• As I said, I draw just one face and drop the tool.

To carry on with retopology I use the "topology pen tool" which combines all the other retopology options. I use this tool to make 90% of the work.

These are some of it's options.

  • LMB: Move vertex, edges and faces.
  • Shift+LMB & drag edges: Extrude edges.
  • Shift+LMB & drag points: Create faces.
  • Shift+RMB & drag edges: Extrude edge loops.
  • RMB & drag edges: Move edge loops.
  • CTRL+MMB: Delete components. (faces, edges y vertex).
  • Inner snap: This option allows you to weld interior vertex.
  • Sculpt -> smooth: Allows you to relax the geometry, very useful to make a better distributions of the edge loops.
  • If you work with symmetry you probably want to align the middle points to the center of the world.
  • In order to do so, select all of them and go to vertex -> set position.
  • Then you can assign a common values for all of them.
  • To create the mirror press "shift+v".
  • To merge both parts just select both items, RMB and click on merge meshes.
  • Once merged just select the points and go to vertex -> merge to weld them.
  • Topology sketch tool: Allows you to draw polygons very quick.
  • Contour tool: Allows you to draw curves that will be connected using the bridge option. Very useful for kinda cylinder parts like arms or legs.
  • Obviously if you draw more curves you will get more resolution to match the 3D scanner.
  • You can create a very quick geometry and then add resolution using the "topology pen tool".

Colorway for Look-Development in VFX by Xuan Prada

A few days ago (or weeks) The Foundry released their latest cool product called "Colorway", and they did it for free.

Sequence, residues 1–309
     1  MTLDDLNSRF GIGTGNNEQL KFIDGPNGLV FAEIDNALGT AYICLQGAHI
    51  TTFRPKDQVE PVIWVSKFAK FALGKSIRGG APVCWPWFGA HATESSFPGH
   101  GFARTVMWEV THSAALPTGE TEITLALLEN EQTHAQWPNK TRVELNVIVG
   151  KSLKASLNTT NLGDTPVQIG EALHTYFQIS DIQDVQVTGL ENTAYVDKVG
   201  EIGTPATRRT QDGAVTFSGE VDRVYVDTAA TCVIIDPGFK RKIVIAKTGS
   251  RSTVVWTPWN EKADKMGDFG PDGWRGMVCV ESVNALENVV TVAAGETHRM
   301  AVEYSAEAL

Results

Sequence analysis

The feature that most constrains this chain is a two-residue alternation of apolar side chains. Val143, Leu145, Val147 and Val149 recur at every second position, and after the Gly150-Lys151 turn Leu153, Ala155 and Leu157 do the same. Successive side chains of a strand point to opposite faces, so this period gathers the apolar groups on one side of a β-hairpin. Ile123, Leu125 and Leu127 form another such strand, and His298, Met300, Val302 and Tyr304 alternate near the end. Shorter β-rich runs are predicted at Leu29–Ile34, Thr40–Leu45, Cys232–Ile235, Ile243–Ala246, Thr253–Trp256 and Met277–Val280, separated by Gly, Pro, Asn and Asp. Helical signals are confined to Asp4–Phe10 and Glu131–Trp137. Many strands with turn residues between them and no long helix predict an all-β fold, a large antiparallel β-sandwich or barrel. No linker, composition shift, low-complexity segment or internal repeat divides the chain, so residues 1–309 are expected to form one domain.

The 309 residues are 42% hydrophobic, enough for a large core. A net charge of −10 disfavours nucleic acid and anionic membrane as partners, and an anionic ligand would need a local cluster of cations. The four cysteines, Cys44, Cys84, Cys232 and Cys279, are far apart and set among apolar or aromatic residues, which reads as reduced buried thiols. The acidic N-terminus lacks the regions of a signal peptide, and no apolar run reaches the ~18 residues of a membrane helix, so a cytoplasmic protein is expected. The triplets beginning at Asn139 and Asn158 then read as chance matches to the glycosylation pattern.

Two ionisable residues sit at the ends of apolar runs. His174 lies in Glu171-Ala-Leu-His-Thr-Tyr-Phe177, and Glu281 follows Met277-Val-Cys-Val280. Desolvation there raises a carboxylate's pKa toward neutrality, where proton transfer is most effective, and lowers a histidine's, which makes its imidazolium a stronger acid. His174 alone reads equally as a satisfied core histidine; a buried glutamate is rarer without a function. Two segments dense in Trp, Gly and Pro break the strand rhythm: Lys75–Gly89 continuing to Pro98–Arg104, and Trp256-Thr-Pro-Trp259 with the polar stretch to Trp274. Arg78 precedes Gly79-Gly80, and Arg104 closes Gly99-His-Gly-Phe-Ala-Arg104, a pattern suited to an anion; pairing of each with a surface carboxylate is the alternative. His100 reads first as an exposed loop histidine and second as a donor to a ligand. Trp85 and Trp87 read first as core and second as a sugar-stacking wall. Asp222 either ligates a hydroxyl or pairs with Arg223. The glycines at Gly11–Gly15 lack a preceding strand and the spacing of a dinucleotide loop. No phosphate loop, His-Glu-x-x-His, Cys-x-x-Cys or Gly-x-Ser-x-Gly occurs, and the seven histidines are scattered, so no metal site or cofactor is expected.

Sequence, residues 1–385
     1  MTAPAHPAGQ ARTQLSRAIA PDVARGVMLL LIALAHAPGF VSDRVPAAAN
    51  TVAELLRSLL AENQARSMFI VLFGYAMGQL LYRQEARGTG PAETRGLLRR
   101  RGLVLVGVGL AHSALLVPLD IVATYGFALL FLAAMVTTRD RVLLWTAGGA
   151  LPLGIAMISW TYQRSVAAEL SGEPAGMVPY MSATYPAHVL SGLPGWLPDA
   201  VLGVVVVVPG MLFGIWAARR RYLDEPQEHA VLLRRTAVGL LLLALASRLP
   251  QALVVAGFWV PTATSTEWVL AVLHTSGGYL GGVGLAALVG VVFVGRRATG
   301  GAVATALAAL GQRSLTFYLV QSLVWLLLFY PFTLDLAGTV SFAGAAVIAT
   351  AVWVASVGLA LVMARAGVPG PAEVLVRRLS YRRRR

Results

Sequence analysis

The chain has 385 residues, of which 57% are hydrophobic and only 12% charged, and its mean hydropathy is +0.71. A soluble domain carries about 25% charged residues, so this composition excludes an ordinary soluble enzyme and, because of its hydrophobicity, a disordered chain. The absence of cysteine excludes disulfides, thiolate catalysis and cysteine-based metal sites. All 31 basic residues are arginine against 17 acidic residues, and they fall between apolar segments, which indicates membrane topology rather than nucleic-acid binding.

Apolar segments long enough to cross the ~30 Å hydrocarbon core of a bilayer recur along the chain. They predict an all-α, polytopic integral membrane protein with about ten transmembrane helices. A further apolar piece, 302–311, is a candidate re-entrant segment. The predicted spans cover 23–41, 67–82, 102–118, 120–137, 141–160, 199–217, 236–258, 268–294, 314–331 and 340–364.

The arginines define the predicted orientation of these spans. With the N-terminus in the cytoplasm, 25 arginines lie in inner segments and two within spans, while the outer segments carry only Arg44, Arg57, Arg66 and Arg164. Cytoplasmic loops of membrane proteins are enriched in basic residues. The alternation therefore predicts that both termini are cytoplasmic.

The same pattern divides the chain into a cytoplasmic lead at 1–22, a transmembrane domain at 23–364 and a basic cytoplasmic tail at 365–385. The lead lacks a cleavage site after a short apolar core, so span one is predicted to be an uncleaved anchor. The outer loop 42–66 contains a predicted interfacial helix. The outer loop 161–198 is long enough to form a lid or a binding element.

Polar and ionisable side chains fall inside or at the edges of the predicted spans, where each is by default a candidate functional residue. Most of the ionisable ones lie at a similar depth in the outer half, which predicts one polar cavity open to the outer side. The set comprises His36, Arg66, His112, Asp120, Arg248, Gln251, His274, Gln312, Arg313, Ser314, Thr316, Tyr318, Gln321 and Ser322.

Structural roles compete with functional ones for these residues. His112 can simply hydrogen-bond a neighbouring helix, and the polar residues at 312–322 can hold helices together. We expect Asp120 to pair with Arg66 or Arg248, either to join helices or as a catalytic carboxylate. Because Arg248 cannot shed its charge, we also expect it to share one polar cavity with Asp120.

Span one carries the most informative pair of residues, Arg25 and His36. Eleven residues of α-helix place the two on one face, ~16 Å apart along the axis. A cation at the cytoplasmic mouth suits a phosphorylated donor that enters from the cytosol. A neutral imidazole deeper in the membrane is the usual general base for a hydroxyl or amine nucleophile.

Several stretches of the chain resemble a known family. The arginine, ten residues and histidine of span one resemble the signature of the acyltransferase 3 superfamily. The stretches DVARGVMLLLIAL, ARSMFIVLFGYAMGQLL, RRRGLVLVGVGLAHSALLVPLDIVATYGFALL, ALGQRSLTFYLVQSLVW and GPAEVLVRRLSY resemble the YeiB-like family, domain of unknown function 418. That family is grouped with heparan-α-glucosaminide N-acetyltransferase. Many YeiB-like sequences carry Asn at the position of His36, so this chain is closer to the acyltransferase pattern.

Colorway is a product created to help designers with their work flow specially when dealing with color changes, texture updates, lighting, etc. Looks in general.
This software allow us to change those small thing once the render is done. We can do it in real time without waiting long hours for rendering again. We can change different things related with shading and lighting.

This is obviously quite an advantage when we are dealing with clients and they ask us for small changes related with color, saturation, brightness, etc. We don't need to render again anymore, just use Colorway to make those changes live in no time.
Even the clients can change some stuff and send us back a file with their changes.

Great idea, great product.

I'm not a designer, I'm a vfx artist doing mainly textures and look-development, and even if Colorway wasn't designed for vfx, it can be potentially be used in the vfx industry, at least for some tasks.

There are a few things that I'd like to have inside Colorway in order to be a more productive texturing&look-dev tool, but so far it can be used in some ways to create different versions of the same asset.